Reviewing Wuthering Heights by Emily Brontë

April 3, 2013 § Leave a comment

Wuthering Heights by Emily Brontë wasn’t what I was expecting. That’s the problem with picking up a classic; you have pre-conceived notions. Years of unintentionally accumulating snippets about Heathcliff and Catherine had manifested in a haphazard skeleton of a story in my head, which did not at all correlate with the book itself.

You see, I was under the impression that Wuthering Heights was a romantic story, when really it’s a Romantic story. See the distinction? Heathcliff and Catherine’s devotion to one another is dark and disturbing, more destructive than affectionate, and I wasn’t altogether prepared for that.

Wuthering Heights begins with Mr Lockwood, the new tenant at Thrushcross Grange, visiting his neighbour and landlord Mr Heathcliff. Kept overnight at Wuthering Heights by some dismal weather, Lockwood returns home brimming with questions about his unusual landlord and his peculiar family. As it turns out, Lockwood’s housekeeper, Ellen Dean is well-acquainted with Mr Heathcliff, having known him since childhood and proceeds to share the story of Heathcliff’s coming to Wuthering Heights and the tumultuous events that have happened hence.

‘Well, Mrs Dean, it will be a charitable deed to tell me something of my neighbours – I feel I shall not rest, if I go to bed; so, be good enough to sit and chat an hour.’

Wuthering Heights is problematic for a number of reasons: predominantly because it is told (almost) entirely through the recollections of Nelly, the housekeeper who admits her feelings for Heathcliff have often been less than favourable. Hardly an impartial narrator, Nelly recounts years of events for Lockwood, spanning two generations, dating right back to when the homeless gypsy boy was first brought to Wuthering Heights by Catherine’s father.

I had a peep at a dirty, ragged, black-haired child; big enough both to walk and talk – indeed, its face looked older than Catherine’s – yet, when it was set on its feet, it only stared round, and repeated over and over some gibberish that nobody could understand. I was frightened, and Mrs Earnshaw was ready to fling it out of doors: she did fly up – asking how he could fashion to bring that gipsy brat into the house, when they had their own bairns to feed, and fend for?

Despite Heathcliff’s less than ideal introduction to the Earnshaw family, he soon becomes the favourite of the master, which the older boy, Hindley resents him for, and upon Mr Earnshaw’s death, makes him pay severely.

Catherine and Heathcliff become inseparable and spend their days romping about the moors. That is, until Catherine is forced to spend some weeks at Thrushcross Grange after being attacked by one of their dogs. This period spent in the company of the Lintons is transformative for Catherine, changing her from a “little savage” to a “dignified person”, which drives an immoveable wedge between her and Heathcliff. This is only the beginning of the couple’s problems, which affect not only their lives but also their children’s.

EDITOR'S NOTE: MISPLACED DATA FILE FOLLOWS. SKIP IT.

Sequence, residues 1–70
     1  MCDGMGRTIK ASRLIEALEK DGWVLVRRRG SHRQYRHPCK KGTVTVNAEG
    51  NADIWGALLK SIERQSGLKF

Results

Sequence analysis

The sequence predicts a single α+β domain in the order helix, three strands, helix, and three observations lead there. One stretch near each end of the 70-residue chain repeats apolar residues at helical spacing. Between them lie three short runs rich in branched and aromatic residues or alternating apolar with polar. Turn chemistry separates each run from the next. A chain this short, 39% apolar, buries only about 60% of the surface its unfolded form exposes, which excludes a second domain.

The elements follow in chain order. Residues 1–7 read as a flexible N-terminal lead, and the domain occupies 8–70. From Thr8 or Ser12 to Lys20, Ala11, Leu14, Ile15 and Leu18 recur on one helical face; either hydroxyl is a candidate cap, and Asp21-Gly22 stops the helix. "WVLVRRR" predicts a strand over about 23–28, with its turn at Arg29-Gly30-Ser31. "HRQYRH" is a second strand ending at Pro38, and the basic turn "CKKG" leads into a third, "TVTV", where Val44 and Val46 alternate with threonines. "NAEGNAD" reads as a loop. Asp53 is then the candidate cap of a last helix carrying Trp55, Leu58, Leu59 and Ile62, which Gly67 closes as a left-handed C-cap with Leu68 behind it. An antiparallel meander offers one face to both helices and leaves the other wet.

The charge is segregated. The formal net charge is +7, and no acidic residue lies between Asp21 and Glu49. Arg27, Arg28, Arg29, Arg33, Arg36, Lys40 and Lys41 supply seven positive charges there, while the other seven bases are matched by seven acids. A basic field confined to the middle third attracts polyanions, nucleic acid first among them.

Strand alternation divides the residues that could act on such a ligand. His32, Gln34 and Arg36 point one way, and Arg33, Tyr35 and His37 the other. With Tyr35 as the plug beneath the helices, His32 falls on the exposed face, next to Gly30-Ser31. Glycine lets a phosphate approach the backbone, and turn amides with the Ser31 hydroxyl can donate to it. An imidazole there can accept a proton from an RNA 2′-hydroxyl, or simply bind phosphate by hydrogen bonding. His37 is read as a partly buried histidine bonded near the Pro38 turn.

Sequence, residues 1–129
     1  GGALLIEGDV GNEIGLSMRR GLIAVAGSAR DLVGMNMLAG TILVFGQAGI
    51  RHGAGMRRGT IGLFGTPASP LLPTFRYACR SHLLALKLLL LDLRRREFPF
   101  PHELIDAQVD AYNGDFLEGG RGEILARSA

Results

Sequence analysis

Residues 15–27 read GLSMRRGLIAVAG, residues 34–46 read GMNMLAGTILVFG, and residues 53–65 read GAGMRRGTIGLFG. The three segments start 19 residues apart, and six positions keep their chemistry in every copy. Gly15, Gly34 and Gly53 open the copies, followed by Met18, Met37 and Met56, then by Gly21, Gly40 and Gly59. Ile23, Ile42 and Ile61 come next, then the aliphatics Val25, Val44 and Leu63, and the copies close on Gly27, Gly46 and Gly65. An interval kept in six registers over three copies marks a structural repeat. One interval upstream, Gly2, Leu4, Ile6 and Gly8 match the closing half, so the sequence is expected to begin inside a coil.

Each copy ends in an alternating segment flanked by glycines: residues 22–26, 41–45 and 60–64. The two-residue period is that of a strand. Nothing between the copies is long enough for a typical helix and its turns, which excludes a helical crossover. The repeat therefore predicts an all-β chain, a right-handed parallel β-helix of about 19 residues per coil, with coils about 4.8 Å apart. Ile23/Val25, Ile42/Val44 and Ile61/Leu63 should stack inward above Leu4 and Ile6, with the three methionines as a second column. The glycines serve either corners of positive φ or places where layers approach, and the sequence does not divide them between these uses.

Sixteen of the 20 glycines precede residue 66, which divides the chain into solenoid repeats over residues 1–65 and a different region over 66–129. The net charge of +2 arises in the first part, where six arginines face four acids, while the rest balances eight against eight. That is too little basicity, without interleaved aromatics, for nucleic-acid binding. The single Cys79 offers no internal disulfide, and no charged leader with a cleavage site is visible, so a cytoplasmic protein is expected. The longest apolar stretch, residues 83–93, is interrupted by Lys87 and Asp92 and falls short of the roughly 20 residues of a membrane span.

At some point in reading, I forgot where Heathcliff’s intense hate of everyone and everything had come from. The events that take place in Heathcliff’s youth, while terrible and violent, do not seem quite enough to justify the extreme manipulations he orchestrates in later life. His insatiable hunger for vengeance and destruction comes to possess him, becoming so much a part of him that without it, there is nothing left. His life is built entirely around his efforts to make Hellish the lives of those who have wronged him, but what kind of existence is that?

The isolated setting of Wuthering Heights is a facilitator of extreme behaviour and reactions. Each character plays a part in their own undoing: Catherine takes to bouts of madness rather indulgently, seeming to draw a kind of sick satisfaction from Heathcliff’s reactions to seeing her at death’s door.

‘I wish I could hold you,’ [Catherine] continued, bitterly, ’till we were both dead! I shouldn’t care what you suffered. I care nothing for your sufferings. Why shouldn’t you suffer? I do! Will you forget me – will you be happy when I am in the earth? Will you say twenty years hence, “That’s the grave of Catherine Earnshaw. I loved her long ago, and was wretched to lose her; but it is past. I’ve loved many others since – my children are dearer to me than she was, and, at death, I shall not rejoice that I am going to her, I should be sorry that I must leave them!” Will you say so, Heathcliff?’

‘Don’t torture me till I’m mad as yourself,’ cried he, wrenching his head free, and grinding his teeth.

Brontë world is intoxicating and absorbing. You read on, not out of compassion and empathy for her characters, but out of a desire to learn how much more pain and anguish they can put each other through. How else can they make each others’ lives miserable? Wuthering Heights is a dense book with many possible interpretations far beyond the scope of one reading, but I can see that there is more value in this story — the grim, atmospheric and haunting story (although who’s to say how accurate it is given Nelly’s possible embellishments and biases) — than the romantic story I expected.

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